Every friendship is full of stories, sentiments and unforgettable moments shared together. "Sideways," the latest triumph by director and writer Alexander Payne ("About Schmidt"), deals with the complex subject of relationships in a way that is moving, intelligent and hilarious all at once.
The best journalism is undoubtedly that which does not read like typical journalism. Carl Bernstein and Bob Woodward, for instance, wrote in the third person primarily to suck the journalistic tedium out of their Watergate saga "All the President's Men." The result was a modern nonfiction classic. Upton Sinclair is today revered as one of history's most important muckraker journalists. It is both ironic and fitting that his most significant work of journalism was a novel, "The Jungle."
Fact: "In Good Company" is indeed another romantic comedy fitting all the criteria of cutesy, sugary, warm and fuzzy elements. Myth: "In Good Company" is just another boring comic misfire from Hollywood.
A movie completely devoid of redeeming qualities is tolerable in the sense that nothing seems wasted. However, "The Woodsman," is even more disappointing than such a film because it wastes a remarkably powerful and chilling performance from Kevin Bacon by not offering a worthy backdrop.
Idiosyncratic filmmaker Wes Anderson is constantly devoted to evoking new worlds for his audience to venture into, from the confused mind of a precocious 15-year-old in Rushmore to the off-the-wall dysfunction of The Royal Tenenbaums. In his latest and arguably most ambitious endeavor, The Life Aquatic with Steve Zissou, Anderson plumbs the depths of imagination to create an entire undersea kingdom.
Filmmaker Wes Anderson has set sail into new waters. His latest film, "The Life Aquatic With Steve Zissou," is a goofball comedy that's chiefly concerned with bringing laughs.
Take James Bond, turn him into a conniving diamond thief, grow him a bit of stubble, add an awkward archenemy, throw in a few curvy divas, put them all in the Bahamas and you get After the Sunset, a mediocre flick that is at times entertaining, and at others, stone cold dreadful.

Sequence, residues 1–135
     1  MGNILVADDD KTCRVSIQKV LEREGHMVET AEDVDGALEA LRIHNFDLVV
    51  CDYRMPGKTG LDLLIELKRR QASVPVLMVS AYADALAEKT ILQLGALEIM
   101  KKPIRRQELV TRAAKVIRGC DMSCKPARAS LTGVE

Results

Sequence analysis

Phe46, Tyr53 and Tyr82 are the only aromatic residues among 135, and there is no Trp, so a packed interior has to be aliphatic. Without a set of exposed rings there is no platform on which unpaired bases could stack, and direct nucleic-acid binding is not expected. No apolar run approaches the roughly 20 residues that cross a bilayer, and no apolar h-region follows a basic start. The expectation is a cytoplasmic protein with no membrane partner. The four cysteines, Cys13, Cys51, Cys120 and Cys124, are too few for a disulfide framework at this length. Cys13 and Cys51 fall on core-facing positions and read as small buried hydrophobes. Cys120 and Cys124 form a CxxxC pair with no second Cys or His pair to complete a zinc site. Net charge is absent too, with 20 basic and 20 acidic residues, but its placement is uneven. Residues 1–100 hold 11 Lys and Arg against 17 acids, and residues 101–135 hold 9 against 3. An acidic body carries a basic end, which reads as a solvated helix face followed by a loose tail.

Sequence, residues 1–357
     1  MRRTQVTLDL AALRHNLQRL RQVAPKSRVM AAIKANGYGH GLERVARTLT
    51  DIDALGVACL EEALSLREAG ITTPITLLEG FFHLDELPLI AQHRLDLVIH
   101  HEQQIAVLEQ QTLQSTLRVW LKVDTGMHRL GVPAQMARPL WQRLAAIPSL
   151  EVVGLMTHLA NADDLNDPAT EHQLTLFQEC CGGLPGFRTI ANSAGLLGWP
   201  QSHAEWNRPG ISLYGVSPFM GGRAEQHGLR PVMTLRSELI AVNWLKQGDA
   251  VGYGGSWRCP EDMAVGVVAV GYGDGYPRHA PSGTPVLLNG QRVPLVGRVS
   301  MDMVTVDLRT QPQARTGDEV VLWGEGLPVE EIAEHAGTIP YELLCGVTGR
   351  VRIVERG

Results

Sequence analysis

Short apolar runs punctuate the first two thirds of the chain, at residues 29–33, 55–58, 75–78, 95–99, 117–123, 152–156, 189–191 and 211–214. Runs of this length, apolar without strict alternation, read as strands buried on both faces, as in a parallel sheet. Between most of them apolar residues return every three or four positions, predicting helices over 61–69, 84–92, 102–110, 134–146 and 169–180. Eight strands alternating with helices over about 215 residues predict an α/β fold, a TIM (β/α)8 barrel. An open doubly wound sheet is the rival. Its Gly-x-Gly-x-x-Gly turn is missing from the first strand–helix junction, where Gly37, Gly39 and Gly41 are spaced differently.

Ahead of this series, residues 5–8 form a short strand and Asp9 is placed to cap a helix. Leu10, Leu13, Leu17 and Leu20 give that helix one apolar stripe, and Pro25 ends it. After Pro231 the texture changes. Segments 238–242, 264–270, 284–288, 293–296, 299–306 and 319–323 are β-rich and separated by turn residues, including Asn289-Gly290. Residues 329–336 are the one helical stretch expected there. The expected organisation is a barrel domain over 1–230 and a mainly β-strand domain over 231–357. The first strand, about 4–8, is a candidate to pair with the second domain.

Documentaries are usually for informing only, but "Tarnation" goes beyond the simple genre to create an incredible work of true-life-cinema. Jonathon Caouette's innovative filmmaking debut, "Tarnation" makes sorrowful tales of family and life as entrancing as they are poignant.
Last season, "Arrested Development" proved to be one of the best comedies to grace network television in a long time. The show kept getting better and won an Emmy for best comedy thanks to its over-the-top humor and excellently written episodes. Based on the latest episode, it looks as though the second season of "Arrested Development" is going to be just as great as the first.
Rock stars: something about their extravagant lifestyles and rebellious attitudes makes them fascinating to many. However, in the documentary "DIG!", there is another side of rock musicians shown, a human side, including their relationships and the highs and lows of their careers.
The only words that can describe Team America: World Police are too offensive to be printed. Never has a movie with such an ingenious satirical element been so ruined by extreme vulgarity.
It's halftime at the Texas state football championship game and the Permian-Odessa Panthers are down by a lot. As their coach (Billy-Bob Thornton) gives a fiery locker room speech, the camera cuts between the battle-scarred faces of the game-battered gridiron warriors, capturing the blood, the sweat, the tears of high schoolfootball at its highest level.